sawcmw
Reply To: Wife Update – GOOD NEWS!

Thank you Dr.Weiss and Janine. It really helps knowing some of the science and doctors background experiences with pemetrexed relating to fluid in the lungs. Her next chemo is scheduled for 10/24 and we will probably go ahead with that session and then take a break until January since we have a vacation scheduled in November and she would like to be chemo free during the holidays. Of course that could change depending upon how she is feeling and discussion with her Oncologist on the 24th.

Thanks again, we really appreciate your inputs.

Steve & Carol

Steven Weaver

laya d.
Reply To: Wife Update – GOOD NEWS!

Hi Dr. Weiss:

Re: the issue of pemetrexed (alimta) accumulating in fluid collections and "causing problems" - - in your experience does this issue generally resolve itself once pemetrexed has been discontinued (and overtime), or does this issue remain longitudinally despite stopping the drug?

Thank you,
Laya

P.S. Just as an FYI. . .as you may recall, my Mom is a right pneumonectomy patient who never really accumulated any fluid in the right cavity until about 2 years post surgery due to a bronchoplueral fistula in the right main bronchial stump. A few months ago, while my Mom was on carbo-alimta and then just alimta, the fluid suddenly started accumulating and some would go through the fistula into her main bronchus causing her to aspirate and cough. The alimta was stopped. a few weeks later the fluid in that cavity was drained via a thorocentisis and it was a really weird color. It was serro-sanguenous, but milky. Almost looked like an infection, but it wasn't infection. The doc doing the procedure commented that it was a really weird color. The pathology on the liquid came back with no cancer cells detected, no infection, and also commented that the liquid was very strange. There were some inflammatory cells in the liquid. Anyway, we are now about 10 weeks out from her last Alimta treatment, and the liquid they are draining looks like a reddish gatorade (you can see through it). So, based on what you have written, I'm wondering if the original draining (which was over 800 ccs) was the color and consistency that it was because of Alimta collecting in it. I'm also wondering if the sudden onset of this effusion is related to Alimta and that now that Alimta has been stopped, it will dry up. Anyway, thank you for your anticipated response to my above question.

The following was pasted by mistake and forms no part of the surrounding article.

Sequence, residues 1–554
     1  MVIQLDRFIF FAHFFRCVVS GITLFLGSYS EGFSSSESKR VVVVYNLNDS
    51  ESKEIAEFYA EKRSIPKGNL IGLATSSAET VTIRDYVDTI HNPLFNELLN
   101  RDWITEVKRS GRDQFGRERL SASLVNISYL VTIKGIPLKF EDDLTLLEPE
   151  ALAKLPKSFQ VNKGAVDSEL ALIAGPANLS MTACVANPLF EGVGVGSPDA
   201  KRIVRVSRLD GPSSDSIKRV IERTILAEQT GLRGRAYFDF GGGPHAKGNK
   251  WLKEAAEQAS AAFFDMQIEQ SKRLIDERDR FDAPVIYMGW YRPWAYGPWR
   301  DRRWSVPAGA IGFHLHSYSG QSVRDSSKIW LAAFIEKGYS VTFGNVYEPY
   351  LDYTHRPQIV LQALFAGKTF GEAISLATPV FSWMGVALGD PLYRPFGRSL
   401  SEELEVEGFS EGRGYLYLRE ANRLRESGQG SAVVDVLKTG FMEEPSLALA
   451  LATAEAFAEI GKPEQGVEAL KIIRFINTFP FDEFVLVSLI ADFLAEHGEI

mk619
Reply To: Wife Update – GOOD NEWS!

I'd like to ask about something Dr. Weiss said about stopping Alimta (until progression) after many cycles and a good response in patients who are having cumulative side effects. Are there stage iv patients who don't have progression after stopping maintenance treatment? Is there an average time after stopping treatment that you expect to start seeing progression?

My sister-in-law just had her 51st treatment of Alimta/Avastin and considering stopping treatment because there has been no sign of cancer for more than two years. During that time she's had multiple PET/CT scans and a needle biopsy. We know she can go back on treatment if there is progression but it would be nice to hope that maybe she won't need to, even if it is just a very small chance. She's tolerated treatment well so that's not the reason to stop. Our concern is more about long-term effects.

Finally, how often are patients who stop treatment scanned and for how long? I assume initially it's fairly frequent, but does that change over time?

I realize there are no definitive answers about this, but am wondering what doctors are seeing and hearing as more stage iv patients stay on maintenance longer with good results. My sister-in-law can't be the only person like this.

Thanks

dr. weiss
Reply To: Wife Update – GOOD NEWS!

Yes, there are definitely patients who get chemo, take a break, then have no progression for a long time. I just saw a patient who got 4 cycles of chemo and had about a year of progression-free time off chemo before her cancer started growing again.

laya d.
Reply To: Wife Update – GOOD NEWS!

Hi Dr. Weiss - -

I was wondering if you also could respond to my question above (the one above mk619's). Thank you.

Laya